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Talking to Senior Citizens about COVID-19

Adult children, caregivers, and medical professionals are finding they need to educate senior citizens about COVID-19 and specific safety measures that need to be taken during the current pandemic.

Not all older adults – generally considered those who are 60 or older – will need help understanding what is happening with the virus and why it’s important to be socially distant or quarantined. Others, including some of those who need home nursing and other regions, are confused about what is happening and what to do during this unprecedented time.

These tips for talking to senior citizens during the COVID-19 outbreak will be useful for anyone who is helping an older adult right now.

Ask Senior Citizens What They Know About COVID-19 First

Before beginning to tell the elderly what you know about the virus, ask them what they know. They may know more accurate information than you realize. Or, they may have learned inaccurate information that you didn’t know you needed to correct.

By asking questions before giving information, you’ll understand the older person’s fears about coronavirus as well as their knowledge of dangers and safety measures.

Emphasize the Risk of the Virus to Older Adults

It’s clear that it’s not only older adults who are at risk of being infected with COVID-19 or that they are the only ones who may develop complications due to it. However, some factors make the older population, in general, more at risk than those who are younger.

As people age, their immune system naturally declines. Because of this, even an older adult who doesn’t have a chronic health problem is in a higher risk category. Those with heart disease, lung disease, diabetes, or cancer are in an even higher risk category.

Because of this, older adults need to continue to be moving at a pace that’s safe for them throughout their time of quarantine. Talk to the elderly about the safe exercises they can do to keep them as healthy as possible while still being physically distant from others.

Stick to Facts Not Fears When Speaking to Seniors About the COVID-19 Pandemic

While it’s important to acknowledge and address a senior’s fears, if they’ve expressed them, it’s imperative not to add to those fears by talking about your own concerns. Stick to the facts.

Explain to the elderly how the virus spreads, relying on trusted sources to get that information, such as the CDC’s information about coronavirus spread.

Then explain the measures that need to be taken to slow the spread. Talk about the need to stay socially distant from others and the personal care measures that need to be taken – washing hands frequently, keeping hands away from your face, disinfecting surfaces, etc.

Another way to quell fear is to encourage senior citizens to stop constantly reading about the virus and to turn off news channels that have 24/7 coverage of the pandemic, statistics on those infected and those who are hospitalized and those who have died. Once a senior citizen knows about the virus and the steps they can take to minimize exposure to it, the rest of the information about the virus is not helpful to keep them safe.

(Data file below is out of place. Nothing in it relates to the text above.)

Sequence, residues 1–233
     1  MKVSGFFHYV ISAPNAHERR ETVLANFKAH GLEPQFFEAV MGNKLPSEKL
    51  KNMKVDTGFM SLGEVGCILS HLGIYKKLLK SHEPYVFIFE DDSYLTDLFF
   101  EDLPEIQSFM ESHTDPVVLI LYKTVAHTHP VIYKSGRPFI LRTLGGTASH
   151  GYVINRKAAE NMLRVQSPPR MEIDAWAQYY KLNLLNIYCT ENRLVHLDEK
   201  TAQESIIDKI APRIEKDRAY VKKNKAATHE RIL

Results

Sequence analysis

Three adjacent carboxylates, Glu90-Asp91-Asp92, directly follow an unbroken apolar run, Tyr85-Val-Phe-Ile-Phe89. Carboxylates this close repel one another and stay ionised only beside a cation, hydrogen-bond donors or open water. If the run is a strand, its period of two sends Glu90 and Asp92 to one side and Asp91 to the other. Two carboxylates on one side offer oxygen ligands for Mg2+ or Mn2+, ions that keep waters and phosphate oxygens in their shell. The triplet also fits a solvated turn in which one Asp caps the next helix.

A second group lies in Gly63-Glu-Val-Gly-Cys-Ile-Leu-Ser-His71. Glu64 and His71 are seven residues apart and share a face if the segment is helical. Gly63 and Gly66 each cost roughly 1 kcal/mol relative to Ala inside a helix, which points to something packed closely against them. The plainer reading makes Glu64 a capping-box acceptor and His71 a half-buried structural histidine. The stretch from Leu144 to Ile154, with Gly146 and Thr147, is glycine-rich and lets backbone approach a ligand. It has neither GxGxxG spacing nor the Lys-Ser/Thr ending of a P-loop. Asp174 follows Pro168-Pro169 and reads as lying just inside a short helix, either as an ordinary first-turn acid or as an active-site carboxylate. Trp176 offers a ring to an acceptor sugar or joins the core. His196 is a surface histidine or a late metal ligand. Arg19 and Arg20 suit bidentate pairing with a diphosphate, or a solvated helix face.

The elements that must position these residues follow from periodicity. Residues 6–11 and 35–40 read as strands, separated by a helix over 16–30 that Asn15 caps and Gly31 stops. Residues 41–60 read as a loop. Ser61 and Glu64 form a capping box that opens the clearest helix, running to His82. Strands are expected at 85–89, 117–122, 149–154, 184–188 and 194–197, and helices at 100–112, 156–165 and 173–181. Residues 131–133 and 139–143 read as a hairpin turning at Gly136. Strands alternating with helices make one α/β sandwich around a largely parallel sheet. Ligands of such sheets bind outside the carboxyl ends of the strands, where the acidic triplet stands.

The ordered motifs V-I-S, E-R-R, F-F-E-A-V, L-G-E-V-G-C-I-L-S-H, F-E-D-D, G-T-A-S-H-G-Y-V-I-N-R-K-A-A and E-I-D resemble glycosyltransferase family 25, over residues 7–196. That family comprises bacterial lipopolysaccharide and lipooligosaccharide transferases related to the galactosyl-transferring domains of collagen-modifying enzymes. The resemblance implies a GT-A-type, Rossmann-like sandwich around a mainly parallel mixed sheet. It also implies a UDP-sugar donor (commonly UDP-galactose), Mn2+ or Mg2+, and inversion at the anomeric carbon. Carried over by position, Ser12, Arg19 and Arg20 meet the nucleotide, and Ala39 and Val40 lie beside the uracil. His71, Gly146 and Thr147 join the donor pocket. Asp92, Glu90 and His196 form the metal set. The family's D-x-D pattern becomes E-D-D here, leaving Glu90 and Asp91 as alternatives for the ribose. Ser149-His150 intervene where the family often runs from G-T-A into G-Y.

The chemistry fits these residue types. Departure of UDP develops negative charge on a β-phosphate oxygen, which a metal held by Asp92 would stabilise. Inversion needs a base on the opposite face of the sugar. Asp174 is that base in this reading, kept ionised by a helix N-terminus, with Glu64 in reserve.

Also, explain why non-urgent medical appointments like annual check-ups, dental cleanings, and eye exams need to be postponed and that it is okay to delay them. Explain that their doctors understand, want to keep them safe, and won’t charge them for rescheduling these appointments.

Talk About How Social Distancing Will Change Their Day-to-Day Routines for a While

The term social isolation has been used a lot during this pandemic, but isolation can be a worrisome word for senior citizens who sometimes already feel isolated. Focus on the term social distancing or physical distancing.

Day-to-day routines will change for many seniors during this time. They will not be getting visits from family and friends as they usually would, nor will they be going out visiting. While home health aides may still come to their home, other helpers such as those who clean their home will also be practicing social distancing and will not be coming by. Explain why and emphasize that this is temporary.

On the flip side, talk about how senior citizens who are in quarantine can spend time with other people through technology. Making and receiving phone calls and video chats, watching live streams of musicians and other digital methods of connecting will help them to feel less isolated.

These conversations may be frustrating for adult children, caregivers, and medical professionals who are facing their own adversities during the COVID-19 pandemic, but this last thing is vital to remember when speaking to the elderly about keeping safe during a pandemic – speak with patience and empathy. This can be a scary time for a senior citizen who is confused about why life has changed so quickly.

COVID-19 And The Budwig Center

At the Budwig Center, we are continually monitoring the situation, and we are collaborating with the local health authorities. Currently, we are offering treatments only by appointment and to a limited number of patients to minimize the risk of contagion. Thus, ensuring there are no crowds in any area of the clinic at one time.

If you are interested in enrolling in one of our clinical programs or are considering opting for our home care program, please contact us for the latest information.

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